Brandon Gold gets the start in an exact rematch of the Thursday outing. He picked up the win in that game to improve to 3-1 in his last four starts, allowing two or fewer earned runs in 11 of his 14 starts this season.
But Gold didn't exactly light the world on fire either on Thursday. He did enough to win the game, including going seven innings, but he had to pitch himself out of jams throughout the day. He allowed nine hits, and while he only walked one, his defense didn't help him out either, with only one of the three runs allowed being earned. He'll need to have better command against a Boston College offense known for being timely, not necessarily overpowering.
One thing we learned last week is that closer Matthew Gorst is one of the most legit last-inning arms in the ACC. He picked up his 11th save by making mince meat of the Eagles lineup, striking out two, then pitched the ninth in the regular season finale. If Gorst is coming into the game, it's as good as over.
Zac Ryan saw a ton of time against the Boston College lineup last week, going for a long relief appearance after pitching the eighth. I'm not sure if that keeps him out of a longer appearance today, but mark that name down. He's the type of guy who can do yeoman's work to keep a team in the game as long as his defense doesn't fail him.
On the other side, Boston College will turn to lefty Jesse Adams. This is going to cause fans to go up in arms if they were hoping for Mike King, but bear in mind that college baseball rest is completely different than the way people view pitcher's rest in the pros.
College pitchers pitch once per week, with the best guys throwing on the weekend. On Thursday, King threw 106 pitches. It's asking a lot of him to come back on four days' rest, when he hasn't had to throw on that short of a rest all year, and deliver a quality start. While Adams pitched on Saturday, he only threw two innings and 29 pitches. That's essentially a bullpen session for a guy who knows how to hit the switch and go out to throw as a starting pitcher. On his career, Adams has 14 starts, including six at the start of this year. Last season, he threw 62 innings for the Eagles, including eight starts.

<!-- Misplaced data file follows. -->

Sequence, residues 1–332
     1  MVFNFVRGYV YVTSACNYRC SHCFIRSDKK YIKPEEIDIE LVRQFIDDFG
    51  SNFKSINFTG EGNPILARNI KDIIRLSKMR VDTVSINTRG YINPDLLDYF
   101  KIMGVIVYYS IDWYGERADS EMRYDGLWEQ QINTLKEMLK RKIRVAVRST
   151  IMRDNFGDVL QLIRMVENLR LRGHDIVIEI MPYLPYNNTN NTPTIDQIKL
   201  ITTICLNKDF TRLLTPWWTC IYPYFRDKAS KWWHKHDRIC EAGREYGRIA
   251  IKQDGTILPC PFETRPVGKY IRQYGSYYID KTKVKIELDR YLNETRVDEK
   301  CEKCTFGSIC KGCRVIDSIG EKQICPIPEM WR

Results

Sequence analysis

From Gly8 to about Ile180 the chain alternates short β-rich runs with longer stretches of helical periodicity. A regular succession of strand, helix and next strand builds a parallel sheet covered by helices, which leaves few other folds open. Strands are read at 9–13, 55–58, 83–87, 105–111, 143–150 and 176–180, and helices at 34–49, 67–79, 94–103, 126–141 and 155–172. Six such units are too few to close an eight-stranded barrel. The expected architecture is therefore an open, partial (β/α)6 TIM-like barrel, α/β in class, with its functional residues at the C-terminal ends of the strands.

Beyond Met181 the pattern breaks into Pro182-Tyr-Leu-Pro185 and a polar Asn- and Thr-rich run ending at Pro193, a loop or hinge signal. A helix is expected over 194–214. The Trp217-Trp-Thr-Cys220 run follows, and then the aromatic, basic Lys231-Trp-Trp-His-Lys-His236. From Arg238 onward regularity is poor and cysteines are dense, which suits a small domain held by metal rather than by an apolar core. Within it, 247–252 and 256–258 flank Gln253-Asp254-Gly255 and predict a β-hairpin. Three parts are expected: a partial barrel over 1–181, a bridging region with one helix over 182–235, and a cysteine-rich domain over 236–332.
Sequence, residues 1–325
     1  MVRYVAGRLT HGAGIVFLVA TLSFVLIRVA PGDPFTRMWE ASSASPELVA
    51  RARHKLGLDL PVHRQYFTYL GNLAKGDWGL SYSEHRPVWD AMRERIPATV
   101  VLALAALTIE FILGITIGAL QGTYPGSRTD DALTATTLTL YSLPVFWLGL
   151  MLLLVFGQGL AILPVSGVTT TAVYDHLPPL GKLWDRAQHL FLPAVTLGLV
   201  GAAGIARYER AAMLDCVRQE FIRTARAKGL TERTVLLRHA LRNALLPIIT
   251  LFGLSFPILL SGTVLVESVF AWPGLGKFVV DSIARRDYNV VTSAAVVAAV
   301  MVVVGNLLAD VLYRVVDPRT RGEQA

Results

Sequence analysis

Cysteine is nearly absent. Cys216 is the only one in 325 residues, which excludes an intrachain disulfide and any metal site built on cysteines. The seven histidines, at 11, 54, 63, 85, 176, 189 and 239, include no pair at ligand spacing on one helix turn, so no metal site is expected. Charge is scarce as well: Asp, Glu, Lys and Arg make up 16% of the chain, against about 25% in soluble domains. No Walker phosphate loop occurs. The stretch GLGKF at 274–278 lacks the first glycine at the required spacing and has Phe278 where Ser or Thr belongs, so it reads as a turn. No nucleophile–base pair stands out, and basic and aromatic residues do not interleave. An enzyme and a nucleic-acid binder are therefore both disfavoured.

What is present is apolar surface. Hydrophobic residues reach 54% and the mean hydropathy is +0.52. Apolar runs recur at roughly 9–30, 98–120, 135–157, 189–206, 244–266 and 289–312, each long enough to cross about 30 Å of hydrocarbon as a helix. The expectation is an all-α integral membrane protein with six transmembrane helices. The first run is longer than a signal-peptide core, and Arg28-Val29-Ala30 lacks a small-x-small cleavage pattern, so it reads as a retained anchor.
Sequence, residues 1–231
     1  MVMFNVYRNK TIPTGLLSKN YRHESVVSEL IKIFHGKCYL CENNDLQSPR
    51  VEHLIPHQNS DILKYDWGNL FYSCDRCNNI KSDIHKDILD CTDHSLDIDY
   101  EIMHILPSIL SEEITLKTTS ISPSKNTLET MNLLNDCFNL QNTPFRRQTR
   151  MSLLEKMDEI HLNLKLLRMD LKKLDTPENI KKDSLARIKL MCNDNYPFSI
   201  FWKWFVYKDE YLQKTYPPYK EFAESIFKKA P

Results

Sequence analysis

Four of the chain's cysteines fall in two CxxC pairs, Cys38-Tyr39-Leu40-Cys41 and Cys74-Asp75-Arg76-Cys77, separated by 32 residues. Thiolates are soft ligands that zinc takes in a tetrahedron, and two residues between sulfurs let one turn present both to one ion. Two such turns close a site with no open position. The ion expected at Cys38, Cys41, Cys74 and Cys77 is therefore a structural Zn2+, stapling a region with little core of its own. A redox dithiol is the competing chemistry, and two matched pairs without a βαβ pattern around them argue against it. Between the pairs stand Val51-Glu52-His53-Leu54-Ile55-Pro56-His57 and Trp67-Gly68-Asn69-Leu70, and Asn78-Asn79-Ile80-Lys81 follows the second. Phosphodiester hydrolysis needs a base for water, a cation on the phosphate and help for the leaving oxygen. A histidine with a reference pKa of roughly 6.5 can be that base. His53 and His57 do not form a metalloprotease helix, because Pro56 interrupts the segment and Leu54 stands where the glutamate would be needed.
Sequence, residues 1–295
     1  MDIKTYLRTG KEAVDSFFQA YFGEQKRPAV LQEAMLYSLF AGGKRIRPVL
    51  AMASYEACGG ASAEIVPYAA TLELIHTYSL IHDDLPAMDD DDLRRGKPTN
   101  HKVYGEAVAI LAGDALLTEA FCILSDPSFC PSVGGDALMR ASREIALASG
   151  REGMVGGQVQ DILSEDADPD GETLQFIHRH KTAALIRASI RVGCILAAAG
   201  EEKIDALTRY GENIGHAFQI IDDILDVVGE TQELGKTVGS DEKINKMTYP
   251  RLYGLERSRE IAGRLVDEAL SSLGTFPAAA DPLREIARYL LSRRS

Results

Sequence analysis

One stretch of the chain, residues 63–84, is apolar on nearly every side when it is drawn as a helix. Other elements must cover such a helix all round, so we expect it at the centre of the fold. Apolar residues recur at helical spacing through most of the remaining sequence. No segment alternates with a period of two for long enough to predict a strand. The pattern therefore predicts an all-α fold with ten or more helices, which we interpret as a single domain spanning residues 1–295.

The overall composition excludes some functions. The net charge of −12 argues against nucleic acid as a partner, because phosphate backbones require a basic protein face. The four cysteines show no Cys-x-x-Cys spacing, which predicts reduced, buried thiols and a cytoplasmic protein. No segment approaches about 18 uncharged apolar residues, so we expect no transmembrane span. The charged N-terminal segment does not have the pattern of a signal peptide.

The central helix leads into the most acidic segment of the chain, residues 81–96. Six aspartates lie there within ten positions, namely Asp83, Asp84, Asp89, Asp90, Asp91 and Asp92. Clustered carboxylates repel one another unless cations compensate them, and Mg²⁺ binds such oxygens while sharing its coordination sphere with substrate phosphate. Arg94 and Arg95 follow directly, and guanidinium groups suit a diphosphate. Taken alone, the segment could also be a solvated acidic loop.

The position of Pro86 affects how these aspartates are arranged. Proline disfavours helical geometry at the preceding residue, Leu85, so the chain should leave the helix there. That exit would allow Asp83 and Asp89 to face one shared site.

Rain hit the Durham are on Monday, but the weather is opening up for an absolutely gorgeous day of baseball.
The morning game featuring Duke and Wake Forest is going to be slightly better than the BC game, if only because it's going to be a little bit cooler. Temperatures for the 11 AM game will be around the low 70s, steadily rising through the course of the game.
By the time BC and Georgia Tech hit the field, it's going to be substantially hotter than Boston. First pitch temperatures should be in the high 70s with the mercury creeping up over 80 by the late stages. The predicted high for the day is 84, with about 50% humidity and absolutely no shot of precipitation or gusting winds over the course of the day.
In other words, it's going to be a warm, slightly breezy day. Bring your sunblock and enjoy the ride.
Where in the World is Boston College Baseball?
The ACC epicenter is, was, and will always be North Carolina. It's where the majority of the conference is located, including the official headquarters. It's a legacy built on Tobacco Road, and it's why, save for a couple of years in Jacksonville right about when Boston College joined the ACC, champions are usually crowned in the Tar Heel State.
The Durham Bulls Athletic Park was designed by the same company (HOK) that built pretty much every major stadium you'll need to know about. They're the architecture company responsible for Mercedes-Benz Stadium (Atlanta Falcons), Palau Blaugrana Arena (FC Barcelona), MetLife Stadium (New York Giants and Jets), Nationwide Arena (Columbus Blue Jackets), Sprint Center (Kansas City and the home of the Big XII Basketball Tournament), American Airline Arena (Miami Heat), and about eleventy billion more.
In the world of professional baseball, Camden Yards, Jacobs Field, and Coors Field are among the listed stadiums they've had their hands in (that's the Orioles, Indians, and Rockies, for those keeping score at home).
The DBAP has some fun characteristics that make it reminiscent of classic parks. Its left field wall is a 32-foot high edifice known as the Blue Monster, complete with manual scoreboard. There's a pavilion on top of the wall, which completes its attempt at recreating Fenway down in North Carolina.